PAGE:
Arrg! There’s a Groundhog in my Yard!
We really dig woodchucks at the Philadelphia Metro Wildlife Center, no pun intended. It’s our job to heal them when they’re hurt or displaced, and also to educate the public to coexist with them and leave them a place in the world. It’s the job of environmental educators to give you factoids about woodchucks, and that’s fine, but it’s the job of wildlife rehabilitators to get you to love them, because you won’t protect what you don’t love. Certainly, we could tell you that Marmota monax, commonly called the groundhog, woodchuck or whistle pig, is actually a type of large ground squirrel, that it’s a harmless vegetarian, that it gorges on plant matter through the spring, summer, and autumn and then goes down in a burrow to hibernate until spring. Most of us know that. What you may not know is that for all their bulk, they’re also quite agile climbers and swimmers when the need arises. They’re also comical, industrious, peaceful animals that deserve our respect.
Some people do call us at the wildlife center and complain bitterly about them. Arrg! They’ve dug under my shed! Arrg! They chewed my garden! (to which I think, if your biggest problem in the world is wildlife living their lives outdoors, please contact me and I will show you some people with real problems…).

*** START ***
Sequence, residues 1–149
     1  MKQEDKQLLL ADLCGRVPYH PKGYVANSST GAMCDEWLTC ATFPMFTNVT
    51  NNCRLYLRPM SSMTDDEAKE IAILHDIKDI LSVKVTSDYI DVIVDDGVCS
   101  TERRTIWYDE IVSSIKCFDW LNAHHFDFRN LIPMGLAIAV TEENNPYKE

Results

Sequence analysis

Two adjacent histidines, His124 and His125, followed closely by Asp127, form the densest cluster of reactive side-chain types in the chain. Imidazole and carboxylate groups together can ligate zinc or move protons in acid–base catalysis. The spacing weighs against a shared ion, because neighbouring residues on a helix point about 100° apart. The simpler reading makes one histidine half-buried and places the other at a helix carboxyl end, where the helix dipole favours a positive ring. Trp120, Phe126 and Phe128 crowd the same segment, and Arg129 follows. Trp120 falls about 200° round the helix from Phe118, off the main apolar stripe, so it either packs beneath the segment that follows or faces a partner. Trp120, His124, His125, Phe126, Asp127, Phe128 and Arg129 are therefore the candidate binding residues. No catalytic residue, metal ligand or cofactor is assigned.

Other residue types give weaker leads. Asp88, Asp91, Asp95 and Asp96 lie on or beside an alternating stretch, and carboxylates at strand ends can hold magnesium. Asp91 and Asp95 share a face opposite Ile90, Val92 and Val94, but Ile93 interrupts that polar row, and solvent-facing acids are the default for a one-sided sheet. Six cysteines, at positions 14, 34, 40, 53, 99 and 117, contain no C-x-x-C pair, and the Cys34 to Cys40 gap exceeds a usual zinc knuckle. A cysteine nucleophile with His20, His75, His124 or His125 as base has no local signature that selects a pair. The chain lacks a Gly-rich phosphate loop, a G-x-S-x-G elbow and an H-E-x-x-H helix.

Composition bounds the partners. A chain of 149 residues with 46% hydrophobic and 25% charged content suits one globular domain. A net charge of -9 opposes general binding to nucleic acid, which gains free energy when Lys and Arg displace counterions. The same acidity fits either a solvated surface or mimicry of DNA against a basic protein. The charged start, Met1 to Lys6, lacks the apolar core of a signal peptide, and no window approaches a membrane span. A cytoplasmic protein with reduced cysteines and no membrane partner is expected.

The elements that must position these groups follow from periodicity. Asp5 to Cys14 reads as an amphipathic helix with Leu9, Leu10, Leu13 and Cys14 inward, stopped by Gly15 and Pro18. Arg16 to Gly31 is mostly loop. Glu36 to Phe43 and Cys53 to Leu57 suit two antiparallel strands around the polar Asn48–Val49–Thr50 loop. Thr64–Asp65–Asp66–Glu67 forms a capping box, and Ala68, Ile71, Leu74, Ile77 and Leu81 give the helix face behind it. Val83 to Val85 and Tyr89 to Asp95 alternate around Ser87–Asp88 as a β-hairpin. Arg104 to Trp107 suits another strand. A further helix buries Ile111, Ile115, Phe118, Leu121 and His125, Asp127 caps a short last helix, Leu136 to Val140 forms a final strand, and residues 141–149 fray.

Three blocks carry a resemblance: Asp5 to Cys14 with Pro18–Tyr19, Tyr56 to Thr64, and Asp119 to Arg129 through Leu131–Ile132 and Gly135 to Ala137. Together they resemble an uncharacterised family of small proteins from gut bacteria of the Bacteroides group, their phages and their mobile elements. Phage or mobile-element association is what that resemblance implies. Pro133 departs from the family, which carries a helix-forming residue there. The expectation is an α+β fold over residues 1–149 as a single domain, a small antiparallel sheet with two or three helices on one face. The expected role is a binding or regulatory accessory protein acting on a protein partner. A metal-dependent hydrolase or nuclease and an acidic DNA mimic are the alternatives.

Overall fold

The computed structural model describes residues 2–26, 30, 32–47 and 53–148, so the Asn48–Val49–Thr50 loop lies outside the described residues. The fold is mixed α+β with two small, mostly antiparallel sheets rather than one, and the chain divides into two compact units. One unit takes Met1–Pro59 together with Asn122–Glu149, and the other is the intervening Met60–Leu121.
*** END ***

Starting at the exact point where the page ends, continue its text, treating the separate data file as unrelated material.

However, there are definite positive steps to take to deal with these problems. First, realize that architecturally, woodchuck burrows do not undermine structures, not even sheds….they’re no danger in that regard. Second, it’s actually illegal to trap and relocate woodchucks. But even if you did, you wouldn’t be doing them a favor: a trapped and relocated woodchuck will just quickly find its way back home (if it’s not too far) or die a slow starving death (if it is too far).
Additionally, you’ve just put up a big “vacancy” sign for other woodchucks to move in, and therefore done yourself no good. There will always be woodchucks and humans, neither of us is going anywhere, so we need to learn to get along. So how can we solve problems?
Well, every situation is unique, and solutions abound and are too numerous to list here, but a good start is to call us at the Wildlife Center at 267-416-9453 – our wildlife rehabilitators have decades of experience. Also, a good resource is the Humane Society of the United States, whose website lists all sorts of great ideas for exclusion and problem solving. We really dig woodchucks! We hope you do too!